Claims (23)

The invention claimed is:
1. A laboratory animal pharmaceutical testing device comprising a substantially closed animal holding cell sized to accommodate more than one animal at the same time;
a vibratory dry powder generator communicating through an opening in a wall of the cell for introduction of a medication into the cell;
one or more filtered inlets for permitting exchange of fresh air into the cell; and
a conduit including a fan through which air and medication in the cell is recirculated out of the cell and returned to the cell;
wherein the opening in the wall of the cell through which the medication is introduced into the cell is located in an upper part of the cell so that the bulk of the medication will be inhaled by the animals before the medication settles in the bottom of the cell, and
wherein said cell and conduit are sealed such that air and nebulized medication inside the cell or conduit are not able to exit from the cell and conduit to the atmosphere outside of the cell and conduit.
2. The device of claim 1, wherein the vibratory dry powder generator comprises a piezo vibrator.
3. The device of claim 1, further comprising a microprocessor and control for the nebulizer.
4. The device of claim 1, further comprising a timer for controlling the nebulizer.
5. The device of claim 1, further comprising an electronic controller for controlling airflow equipment connected to the animal holding cell.
6. The device of claim 1, wherein a dose delivered amount is determined by the number of timed or pulsed activations of the nebulizer.
7. The device of claim 1, further comprising visual, audible or tactile feedbacks to the equipment operator indicating a status of the device and of dosing.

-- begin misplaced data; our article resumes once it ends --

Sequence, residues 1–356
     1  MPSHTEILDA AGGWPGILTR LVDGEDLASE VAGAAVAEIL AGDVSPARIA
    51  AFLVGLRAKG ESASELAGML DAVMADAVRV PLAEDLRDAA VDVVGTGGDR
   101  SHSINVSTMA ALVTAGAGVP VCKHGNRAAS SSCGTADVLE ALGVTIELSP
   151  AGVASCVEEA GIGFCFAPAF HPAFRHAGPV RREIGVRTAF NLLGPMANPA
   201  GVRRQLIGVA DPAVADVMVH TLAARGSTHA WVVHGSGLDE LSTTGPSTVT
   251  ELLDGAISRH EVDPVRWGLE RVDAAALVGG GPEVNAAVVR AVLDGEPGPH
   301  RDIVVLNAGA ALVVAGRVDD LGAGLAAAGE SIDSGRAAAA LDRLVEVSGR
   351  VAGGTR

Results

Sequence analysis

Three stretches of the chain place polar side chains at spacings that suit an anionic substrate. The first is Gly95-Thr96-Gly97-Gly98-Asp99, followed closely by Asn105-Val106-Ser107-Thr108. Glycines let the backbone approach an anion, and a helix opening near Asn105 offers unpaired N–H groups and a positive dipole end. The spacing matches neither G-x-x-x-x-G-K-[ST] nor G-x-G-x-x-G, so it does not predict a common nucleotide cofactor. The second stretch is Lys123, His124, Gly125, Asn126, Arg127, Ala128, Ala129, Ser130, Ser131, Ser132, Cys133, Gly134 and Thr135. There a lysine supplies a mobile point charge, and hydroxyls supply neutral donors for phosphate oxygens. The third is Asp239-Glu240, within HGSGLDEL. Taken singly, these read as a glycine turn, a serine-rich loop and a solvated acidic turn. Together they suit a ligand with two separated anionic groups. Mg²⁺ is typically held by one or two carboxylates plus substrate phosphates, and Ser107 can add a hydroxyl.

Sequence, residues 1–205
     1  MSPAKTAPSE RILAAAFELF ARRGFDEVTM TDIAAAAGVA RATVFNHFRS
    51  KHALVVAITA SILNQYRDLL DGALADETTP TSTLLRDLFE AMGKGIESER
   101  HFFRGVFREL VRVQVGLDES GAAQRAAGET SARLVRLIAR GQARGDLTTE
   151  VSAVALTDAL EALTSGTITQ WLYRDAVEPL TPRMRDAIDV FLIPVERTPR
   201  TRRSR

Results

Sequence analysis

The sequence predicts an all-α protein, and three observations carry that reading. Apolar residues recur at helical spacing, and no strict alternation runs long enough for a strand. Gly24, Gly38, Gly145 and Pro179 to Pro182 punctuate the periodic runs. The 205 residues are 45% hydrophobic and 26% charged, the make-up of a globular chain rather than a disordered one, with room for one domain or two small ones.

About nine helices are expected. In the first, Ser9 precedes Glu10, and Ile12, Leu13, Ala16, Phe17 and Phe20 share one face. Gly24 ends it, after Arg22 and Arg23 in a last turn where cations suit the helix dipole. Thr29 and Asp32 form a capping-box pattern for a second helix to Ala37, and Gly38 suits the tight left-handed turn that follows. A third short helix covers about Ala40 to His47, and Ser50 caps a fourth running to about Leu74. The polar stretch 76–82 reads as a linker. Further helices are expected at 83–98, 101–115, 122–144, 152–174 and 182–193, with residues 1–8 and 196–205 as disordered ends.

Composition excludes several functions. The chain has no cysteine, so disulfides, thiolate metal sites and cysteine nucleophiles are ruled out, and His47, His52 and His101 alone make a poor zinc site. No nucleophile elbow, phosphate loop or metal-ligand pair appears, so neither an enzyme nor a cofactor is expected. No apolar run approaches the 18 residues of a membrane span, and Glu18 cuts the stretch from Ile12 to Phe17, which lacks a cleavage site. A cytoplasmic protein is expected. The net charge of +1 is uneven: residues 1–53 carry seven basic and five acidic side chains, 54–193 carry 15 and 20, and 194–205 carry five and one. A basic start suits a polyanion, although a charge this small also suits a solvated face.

8. A device for delivering dry powder medication to laboratory animals, comprising an aerosol chamber into which an aerosolized medication may be introduced;
an animal holding cell including a mask portion, wherein said animal holding cell is sized to restrain an animal's mouth and nose in position within the cell and wherein the mask portion includes a mouthpiece or nasal cannula;
an outlet for said chamber in communication with said animal holding cell, wherein said outlet is at least partially surrounded by said mask portion;
a nebulizer for aerosolizing a medication and introducing the medication into the chamber;
a sensor for sensing an inhalation and/or exhalation cycle of the animal, and a controller for turning the nebulizer on and off synchronized to tidal breathing of the animal, and
an exhaust fan, a filter, a scrubber and a dryer in communication with the aerosol chamber and also in communication with atmospheric air outside the device, wherein air carrying the aerosolized medication passes through the exhaust fan, filter, scrubber and dryer before being vented into the outside atmospheric air so that loss of medication from the device is minimized; and a conduit including the fan through which air and medication in the cell is recirculated out of the cell and returned to the cell.
9. The device of claim 8, further comprising a microprocessor and control for the nebulizer.
10. The device of claim 8, further comprising a timer for controlling the nebulizer.
11. The device of claim 8, further comprising an electronic controller for controlling airflow equipment connected to the chamber.